Infinite Scroll using Generators!
Put ES6 generators to some real use.
Disclaimer: No JS libraries or frameworks were created or used while writing this article.
ES6 generators are awesome! .. says who ? Tech blogs, medium articles, developer videos, well anyone who wants to be cool.
What are generators ? Quoting MDN: “Generators are functions which can be exited and later re-entered. Their context (variable bindings) will be saved across re-entrances.” There are a number of articles written on this, I choose not to reinvent the wheel, and encourage you to read up about generators if you do not already know their physics.
Things changed when
async await came around. Koa moved to using them, they are a far more simpler construct to address the readability concerns traditional methods like
async awaitis a much simpler construct to make async code look sync.
But then what about
generators ? They come in handy when we need to streamify a large input source. So, Infinite scroll.
Infinite scrolling is a web-design technique that loads content continuously as the user scrolls down the page, eliminating the need for pagination.
An effective implementation of Infinite scroll involves:
- Detect when the scroll thumb reaches the bottom of the container.
- Maintain the state of
offsetand fetch the next set of items.
- Synchronization of API calls over the network, the response will come out of order often.
First, we will setup a source for us. We will just create a mock web-service which returns numbers given an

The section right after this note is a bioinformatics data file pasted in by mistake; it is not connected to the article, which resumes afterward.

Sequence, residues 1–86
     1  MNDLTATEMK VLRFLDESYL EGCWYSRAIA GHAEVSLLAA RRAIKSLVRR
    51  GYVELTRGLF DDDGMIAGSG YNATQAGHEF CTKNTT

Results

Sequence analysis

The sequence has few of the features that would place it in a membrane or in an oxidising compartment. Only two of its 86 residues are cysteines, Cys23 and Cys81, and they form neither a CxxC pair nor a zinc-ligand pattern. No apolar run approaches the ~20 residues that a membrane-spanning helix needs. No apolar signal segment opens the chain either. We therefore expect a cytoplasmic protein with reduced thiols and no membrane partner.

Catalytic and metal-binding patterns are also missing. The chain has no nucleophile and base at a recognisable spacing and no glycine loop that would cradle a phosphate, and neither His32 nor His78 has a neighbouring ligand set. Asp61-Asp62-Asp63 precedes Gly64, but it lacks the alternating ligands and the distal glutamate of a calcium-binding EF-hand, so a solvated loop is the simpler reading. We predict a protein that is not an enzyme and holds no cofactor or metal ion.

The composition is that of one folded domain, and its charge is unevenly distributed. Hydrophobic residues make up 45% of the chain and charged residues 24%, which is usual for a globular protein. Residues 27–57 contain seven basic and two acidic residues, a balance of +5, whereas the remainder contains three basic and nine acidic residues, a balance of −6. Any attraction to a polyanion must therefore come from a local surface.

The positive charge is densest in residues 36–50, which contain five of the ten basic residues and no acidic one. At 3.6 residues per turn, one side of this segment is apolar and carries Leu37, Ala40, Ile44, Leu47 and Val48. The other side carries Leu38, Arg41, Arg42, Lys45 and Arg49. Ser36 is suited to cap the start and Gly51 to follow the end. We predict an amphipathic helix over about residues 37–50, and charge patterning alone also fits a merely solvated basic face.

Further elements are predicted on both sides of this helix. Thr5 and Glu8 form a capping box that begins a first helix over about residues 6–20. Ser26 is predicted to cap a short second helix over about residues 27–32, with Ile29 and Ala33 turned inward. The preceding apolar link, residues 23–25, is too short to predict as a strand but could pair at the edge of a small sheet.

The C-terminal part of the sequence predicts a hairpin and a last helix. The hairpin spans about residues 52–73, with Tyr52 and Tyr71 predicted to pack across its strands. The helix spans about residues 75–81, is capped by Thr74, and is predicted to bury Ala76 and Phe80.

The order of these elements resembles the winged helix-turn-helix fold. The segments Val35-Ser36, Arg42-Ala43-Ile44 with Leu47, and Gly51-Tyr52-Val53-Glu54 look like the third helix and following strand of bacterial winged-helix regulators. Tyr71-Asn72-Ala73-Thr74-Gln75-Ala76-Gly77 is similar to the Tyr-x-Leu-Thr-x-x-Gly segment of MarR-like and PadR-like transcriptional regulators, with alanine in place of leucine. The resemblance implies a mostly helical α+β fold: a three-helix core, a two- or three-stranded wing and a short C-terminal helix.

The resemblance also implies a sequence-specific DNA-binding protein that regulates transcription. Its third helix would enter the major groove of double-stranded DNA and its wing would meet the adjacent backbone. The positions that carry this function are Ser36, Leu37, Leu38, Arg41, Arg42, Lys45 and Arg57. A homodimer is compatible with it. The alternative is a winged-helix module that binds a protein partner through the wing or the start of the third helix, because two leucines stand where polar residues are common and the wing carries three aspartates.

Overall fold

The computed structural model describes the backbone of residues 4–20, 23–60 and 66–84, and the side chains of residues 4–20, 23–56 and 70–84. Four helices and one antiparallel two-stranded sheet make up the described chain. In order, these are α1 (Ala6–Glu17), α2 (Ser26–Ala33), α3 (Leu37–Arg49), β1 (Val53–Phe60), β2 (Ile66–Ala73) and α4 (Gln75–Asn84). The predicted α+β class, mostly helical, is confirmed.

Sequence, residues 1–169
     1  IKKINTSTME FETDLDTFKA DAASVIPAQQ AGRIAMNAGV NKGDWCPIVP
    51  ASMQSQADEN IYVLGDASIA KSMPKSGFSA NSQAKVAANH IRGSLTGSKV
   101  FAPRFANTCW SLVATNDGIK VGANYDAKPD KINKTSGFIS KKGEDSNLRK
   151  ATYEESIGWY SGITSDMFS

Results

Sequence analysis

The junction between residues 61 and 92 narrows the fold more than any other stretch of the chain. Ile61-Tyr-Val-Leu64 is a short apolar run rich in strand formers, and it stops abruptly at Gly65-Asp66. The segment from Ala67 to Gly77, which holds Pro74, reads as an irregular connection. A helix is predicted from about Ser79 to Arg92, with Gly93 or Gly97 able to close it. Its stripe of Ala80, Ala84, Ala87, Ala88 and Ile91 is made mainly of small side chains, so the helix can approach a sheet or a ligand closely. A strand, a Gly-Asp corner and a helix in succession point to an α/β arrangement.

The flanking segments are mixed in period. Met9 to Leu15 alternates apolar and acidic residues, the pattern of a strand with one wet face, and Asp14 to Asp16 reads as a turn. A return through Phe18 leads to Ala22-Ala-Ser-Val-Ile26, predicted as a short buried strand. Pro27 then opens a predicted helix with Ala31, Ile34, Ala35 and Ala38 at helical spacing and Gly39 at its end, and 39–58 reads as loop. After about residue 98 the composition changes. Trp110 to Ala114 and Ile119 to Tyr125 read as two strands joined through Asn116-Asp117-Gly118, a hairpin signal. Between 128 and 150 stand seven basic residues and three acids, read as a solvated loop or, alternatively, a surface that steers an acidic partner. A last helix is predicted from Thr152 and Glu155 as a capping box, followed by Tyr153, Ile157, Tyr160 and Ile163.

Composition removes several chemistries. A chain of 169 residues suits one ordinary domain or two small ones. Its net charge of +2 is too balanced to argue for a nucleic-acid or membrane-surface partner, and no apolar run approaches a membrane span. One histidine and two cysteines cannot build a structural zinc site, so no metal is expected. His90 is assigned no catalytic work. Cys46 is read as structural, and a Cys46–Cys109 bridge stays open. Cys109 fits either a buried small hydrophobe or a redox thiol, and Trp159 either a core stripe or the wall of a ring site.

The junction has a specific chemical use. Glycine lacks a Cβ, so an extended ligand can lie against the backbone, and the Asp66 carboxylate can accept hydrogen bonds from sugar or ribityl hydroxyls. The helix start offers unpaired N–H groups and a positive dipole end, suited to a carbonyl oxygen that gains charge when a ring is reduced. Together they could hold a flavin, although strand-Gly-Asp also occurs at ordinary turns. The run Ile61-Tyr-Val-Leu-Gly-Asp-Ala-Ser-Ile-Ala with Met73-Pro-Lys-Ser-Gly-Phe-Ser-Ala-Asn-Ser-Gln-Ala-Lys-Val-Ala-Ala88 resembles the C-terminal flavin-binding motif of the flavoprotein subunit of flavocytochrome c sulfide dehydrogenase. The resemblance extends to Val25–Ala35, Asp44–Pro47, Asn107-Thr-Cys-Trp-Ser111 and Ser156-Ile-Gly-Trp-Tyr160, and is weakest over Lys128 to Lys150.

This simply returns a promise which resolves after a random delay with an array of numbers or content. We will streamify this service method, by wrapping it inside a generator.
This method just keeps on yielding the next set of results. Notice that the maintenance of
offset state is encapsulated within the generator method.
Now, to get the events when the scroll reaches the bottom. We will create a generic event stream, which listens on an UI event and emits whenever the supplied condition is satisfied.
Here, we setup an eventListener on
el for the
name event. Whenever the event is fired we check the supplied
condition and when satisfied we call the resolve method. The resolve method is nothing but a saved resolution callback from a Promise. We use the Promise property here that they can only be resolved once, thus multiple calling of
resolve() method is a no-op, until a new promise is created.
Alright, if you are still with me you know how generators work! Now let me introduce the magic which will glue everything together and make shit work:
init method creates the eventIterator on the
container with the condition of the scoll thumb reaching the bottom. And in a loop:
- Gets the next set of items, waits until they are received.
- Appends the items to the container
- Wait for the next emission of the conditional event stream.
You can see the full source, with the working Fiddle.